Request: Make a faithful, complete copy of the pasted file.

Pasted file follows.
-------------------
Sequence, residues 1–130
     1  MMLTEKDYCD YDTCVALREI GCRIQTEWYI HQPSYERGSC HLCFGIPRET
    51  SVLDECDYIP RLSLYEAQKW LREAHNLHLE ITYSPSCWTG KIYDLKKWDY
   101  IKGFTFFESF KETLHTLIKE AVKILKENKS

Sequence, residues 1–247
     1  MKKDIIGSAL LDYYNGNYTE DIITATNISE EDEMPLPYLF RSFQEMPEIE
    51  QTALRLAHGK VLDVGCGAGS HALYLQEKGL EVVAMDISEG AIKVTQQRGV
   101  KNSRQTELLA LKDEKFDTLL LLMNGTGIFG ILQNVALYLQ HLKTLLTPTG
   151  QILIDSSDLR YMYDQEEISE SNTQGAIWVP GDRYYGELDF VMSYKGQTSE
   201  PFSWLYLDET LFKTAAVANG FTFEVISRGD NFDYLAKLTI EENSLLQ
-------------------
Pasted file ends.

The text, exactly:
Sequence, residues 1–130
     1  MMLTEKDYCD YDTCVALREI GCRIQTEWYI HQPSYERGSC HLCFGIPRET
    51  SVLDECDYIP RLSLYEAQKW LREAHNLHLE ITYSPSCWTG KIYDLKKWDY
   101  IKGFTFFESF KETLHTLIKE AVKILKENKS

Sequence, residues 1–247
     1  MKKDIIGSAL LDYYNGNYTE DIITATNISE EDEMPLPYLF RSFQEMPEIE
    51  QTALRLAHGK VLDVGCGAGS HALYLQEKGL EVVAMDISEG AIKVTQQRGV
   101  KNSRQTELLA LKDEKFDTLL LLMNGTGIFG ILQNVALYLQ HLKTLLTPTG
   151  QILIDSSDLR YMYDQEEISE SNTQGAIWVP GDRYYGELDF VMSYKGQTSE
   201  PFSWLYLDET LFKTAAVANG FTFEVISRGD NFDYLAKLTI EENSLLQ